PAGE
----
NP Connects brings together leaders from a variety of backgrounds to share real-time perspectives on the coronavirus (COVID-19) pandemic.
Our April 30, 2020 conversation included guests Wendell Davis (SBA), Morgan Nighan (Nixon Peabody), Michele Pfannenstiel (Dirigo Food Safety), Matt Roghair (Piper Sandler), and Effie Stavrulaki (Bentley University).
Watch a recording of the program, or read below for highlights.
Another $300 billion in Paycheck Protection Program (PPP) money was made available on Monday, April 27. The Small Business Association (SBA) paced applications of all lenders to make sure there was equal footing. There was a huge deluge on Monday as banks submitted a torrent of applications once the portal was opened. Some numbers:
- For the three days ending April 29, there were $90 billion of loans approved for 962k applications
- To date, 87% of all PPP applications received below $350k
- In MA, the SBA approved $350 million benefiting 2k businesses in 2019
- In MA, the SBA approved $10.3 billion benefiting 47k businesses over 12 days
Treasury Secretary Steven Mnuchin provided guidance that companies receiving over $2 million in PPP money will be audited. Additional guidance and direction are expected regarding consequences if an audit indicates the loan was not necessary.
Most deals within the food and beverage industry are on hold. Large strategic buyers are prioritizing employees, food safety, and their supply chain, but their appetite for acquisitions remains. Deals that were underway, and diligence had been completed are closing. Buyers continue to seek high growth, high quality, differentiated brands.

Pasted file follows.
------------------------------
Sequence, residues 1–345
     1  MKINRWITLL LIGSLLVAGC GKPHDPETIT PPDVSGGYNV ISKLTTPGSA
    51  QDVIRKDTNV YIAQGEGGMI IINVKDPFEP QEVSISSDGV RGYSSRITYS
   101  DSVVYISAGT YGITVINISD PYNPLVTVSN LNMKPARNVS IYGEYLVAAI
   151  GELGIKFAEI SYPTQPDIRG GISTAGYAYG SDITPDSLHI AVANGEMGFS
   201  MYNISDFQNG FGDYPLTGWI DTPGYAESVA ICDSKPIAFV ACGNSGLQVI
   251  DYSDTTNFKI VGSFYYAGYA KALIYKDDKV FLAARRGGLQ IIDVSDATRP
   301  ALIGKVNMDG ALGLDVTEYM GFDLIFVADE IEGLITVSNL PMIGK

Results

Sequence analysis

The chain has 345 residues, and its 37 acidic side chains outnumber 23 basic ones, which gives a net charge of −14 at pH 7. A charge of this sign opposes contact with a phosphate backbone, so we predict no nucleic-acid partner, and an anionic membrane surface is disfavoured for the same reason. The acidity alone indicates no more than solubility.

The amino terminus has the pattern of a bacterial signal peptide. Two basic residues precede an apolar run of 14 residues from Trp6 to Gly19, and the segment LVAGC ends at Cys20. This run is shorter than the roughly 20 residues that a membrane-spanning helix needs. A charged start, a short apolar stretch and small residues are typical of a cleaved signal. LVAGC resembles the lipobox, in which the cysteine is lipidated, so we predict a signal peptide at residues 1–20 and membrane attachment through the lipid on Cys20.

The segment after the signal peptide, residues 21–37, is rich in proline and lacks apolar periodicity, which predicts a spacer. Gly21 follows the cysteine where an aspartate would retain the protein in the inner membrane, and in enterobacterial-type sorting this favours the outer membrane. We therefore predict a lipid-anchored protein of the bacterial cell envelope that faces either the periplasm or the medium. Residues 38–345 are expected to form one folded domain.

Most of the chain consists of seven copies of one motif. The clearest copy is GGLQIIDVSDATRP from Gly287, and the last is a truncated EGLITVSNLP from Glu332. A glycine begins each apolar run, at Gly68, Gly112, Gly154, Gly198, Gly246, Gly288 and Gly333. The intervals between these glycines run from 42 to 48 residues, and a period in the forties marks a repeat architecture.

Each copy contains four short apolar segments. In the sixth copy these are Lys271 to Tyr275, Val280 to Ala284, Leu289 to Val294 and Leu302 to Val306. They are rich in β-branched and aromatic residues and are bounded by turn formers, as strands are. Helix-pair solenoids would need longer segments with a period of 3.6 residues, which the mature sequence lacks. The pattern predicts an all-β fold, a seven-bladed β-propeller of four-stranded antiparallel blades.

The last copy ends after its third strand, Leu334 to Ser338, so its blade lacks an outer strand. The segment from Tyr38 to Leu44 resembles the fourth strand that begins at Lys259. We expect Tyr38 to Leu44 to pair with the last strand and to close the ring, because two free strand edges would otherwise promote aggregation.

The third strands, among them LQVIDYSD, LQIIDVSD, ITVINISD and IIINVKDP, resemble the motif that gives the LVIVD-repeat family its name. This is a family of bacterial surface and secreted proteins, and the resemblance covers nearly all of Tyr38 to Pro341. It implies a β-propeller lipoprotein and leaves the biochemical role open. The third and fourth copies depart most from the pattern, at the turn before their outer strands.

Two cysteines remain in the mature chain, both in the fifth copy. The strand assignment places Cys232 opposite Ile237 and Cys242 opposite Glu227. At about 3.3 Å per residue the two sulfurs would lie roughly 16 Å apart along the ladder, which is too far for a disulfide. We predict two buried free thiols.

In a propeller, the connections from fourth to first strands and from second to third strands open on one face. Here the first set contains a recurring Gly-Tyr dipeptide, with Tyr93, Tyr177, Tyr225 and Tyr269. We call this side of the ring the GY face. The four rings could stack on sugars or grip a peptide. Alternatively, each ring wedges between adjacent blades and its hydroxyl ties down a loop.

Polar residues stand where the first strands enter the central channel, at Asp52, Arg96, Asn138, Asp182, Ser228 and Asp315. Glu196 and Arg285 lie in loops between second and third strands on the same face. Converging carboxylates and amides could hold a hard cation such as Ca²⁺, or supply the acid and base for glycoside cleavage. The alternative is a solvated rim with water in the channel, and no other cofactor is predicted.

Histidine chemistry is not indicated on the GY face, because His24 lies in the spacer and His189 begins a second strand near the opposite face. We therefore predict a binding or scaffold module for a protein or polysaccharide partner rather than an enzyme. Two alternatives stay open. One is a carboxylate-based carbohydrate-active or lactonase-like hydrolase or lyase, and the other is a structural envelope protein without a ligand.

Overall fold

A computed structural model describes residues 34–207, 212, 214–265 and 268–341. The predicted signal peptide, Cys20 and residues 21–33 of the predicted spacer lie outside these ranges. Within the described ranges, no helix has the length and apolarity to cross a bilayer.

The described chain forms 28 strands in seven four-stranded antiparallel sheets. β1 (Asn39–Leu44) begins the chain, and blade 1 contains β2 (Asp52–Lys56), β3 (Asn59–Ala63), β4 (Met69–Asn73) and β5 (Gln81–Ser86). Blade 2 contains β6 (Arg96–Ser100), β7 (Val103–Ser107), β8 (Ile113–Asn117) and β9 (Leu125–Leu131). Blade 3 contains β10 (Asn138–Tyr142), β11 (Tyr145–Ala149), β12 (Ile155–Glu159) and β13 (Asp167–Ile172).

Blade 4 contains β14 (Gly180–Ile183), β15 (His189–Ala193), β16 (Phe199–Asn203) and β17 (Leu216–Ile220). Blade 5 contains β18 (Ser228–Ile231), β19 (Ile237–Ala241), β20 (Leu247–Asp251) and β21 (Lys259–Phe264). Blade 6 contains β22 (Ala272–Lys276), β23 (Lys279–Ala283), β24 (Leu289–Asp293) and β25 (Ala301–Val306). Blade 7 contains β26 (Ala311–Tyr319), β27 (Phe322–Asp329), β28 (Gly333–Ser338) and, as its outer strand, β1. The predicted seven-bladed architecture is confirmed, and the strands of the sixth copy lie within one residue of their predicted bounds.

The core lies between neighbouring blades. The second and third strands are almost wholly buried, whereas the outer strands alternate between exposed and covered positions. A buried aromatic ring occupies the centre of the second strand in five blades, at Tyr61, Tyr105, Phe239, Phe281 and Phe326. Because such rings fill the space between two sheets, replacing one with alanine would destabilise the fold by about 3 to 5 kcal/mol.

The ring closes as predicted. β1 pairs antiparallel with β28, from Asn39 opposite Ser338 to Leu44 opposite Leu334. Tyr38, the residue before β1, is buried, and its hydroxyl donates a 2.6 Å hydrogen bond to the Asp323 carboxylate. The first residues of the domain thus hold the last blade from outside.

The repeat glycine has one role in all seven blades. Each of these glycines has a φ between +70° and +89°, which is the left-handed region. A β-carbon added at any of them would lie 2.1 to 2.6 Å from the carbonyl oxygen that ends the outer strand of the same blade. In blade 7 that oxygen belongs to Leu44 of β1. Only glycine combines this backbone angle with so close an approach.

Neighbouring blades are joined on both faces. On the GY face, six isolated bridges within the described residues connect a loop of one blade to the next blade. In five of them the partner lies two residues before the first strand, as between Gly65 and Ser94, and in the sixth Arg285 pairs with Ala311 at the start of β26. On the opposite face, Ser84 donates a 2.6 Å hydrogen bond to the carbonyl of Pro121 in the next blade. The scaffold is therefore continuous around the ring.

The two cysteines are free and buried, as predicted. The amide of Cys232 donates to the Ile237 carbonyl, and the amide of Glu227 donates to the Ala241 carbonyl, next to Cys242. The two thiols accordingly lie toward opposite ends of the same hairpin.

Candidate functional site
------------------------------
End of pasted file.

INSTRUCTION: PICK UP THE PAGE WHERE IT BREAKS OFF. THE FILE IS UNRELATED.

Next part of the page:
Existing supply chains were not prepared to accommodate the peaks and drops in demand witnessed over the past two months. Challenges arose in raw materials, production, transportation, and storage.
- Raw material supplies are impacted by business and country closures. For example, 80% of pharmaceutical ingredients are imported from countries in lockdown so production capacity issues are impacted, and reagents required for COVID-19 tests are in short supply, thereby limiting production speed.
- In labor-intensive companies, prior production levels cannot be attained because of physical distancing. Fewer workers work per shift, and consequently, there is less throughput per shift.
- Companies do not know when raw materials will arrive as deliveries are stuck in ports. Centralized production makes the nations sensitive to trucks remaining on the road.
- The level of infrastructure within the food supply chain has lagged because margins are so thin. Demand for warehouses is limited, as some may not pass a Global Food Safety Initiative (GFSI) audit. There's no room at feedlots, and there is no capacity in pork and chicken. Companies are struggling to know when to bring capacity back to supply restaurants.
Looking forward, companies that succeed will reduce complexity, remain agile, and diversify their supply chains. Smaller batch sizes are easier to execute in the face of changing demand. Management should focus on core products, services, and stock keeping units (SKUs)—limit SKUs to in-demand products—and increase the production of key products.
On a larger scale, trends quickly emerging include:
- Online grocery shopping outside of urban markets, including the technology investment to accommodate Supplemental Nutrition Assistance Program (SNAP) vouchers for online purchases at supermarkets
- Telemedicine and online yoga classes are convenient, germ-free, and efficient
- Blockchain utilization solves provenance and improves tracking
- Distributed infrastructure will shift back to regionalization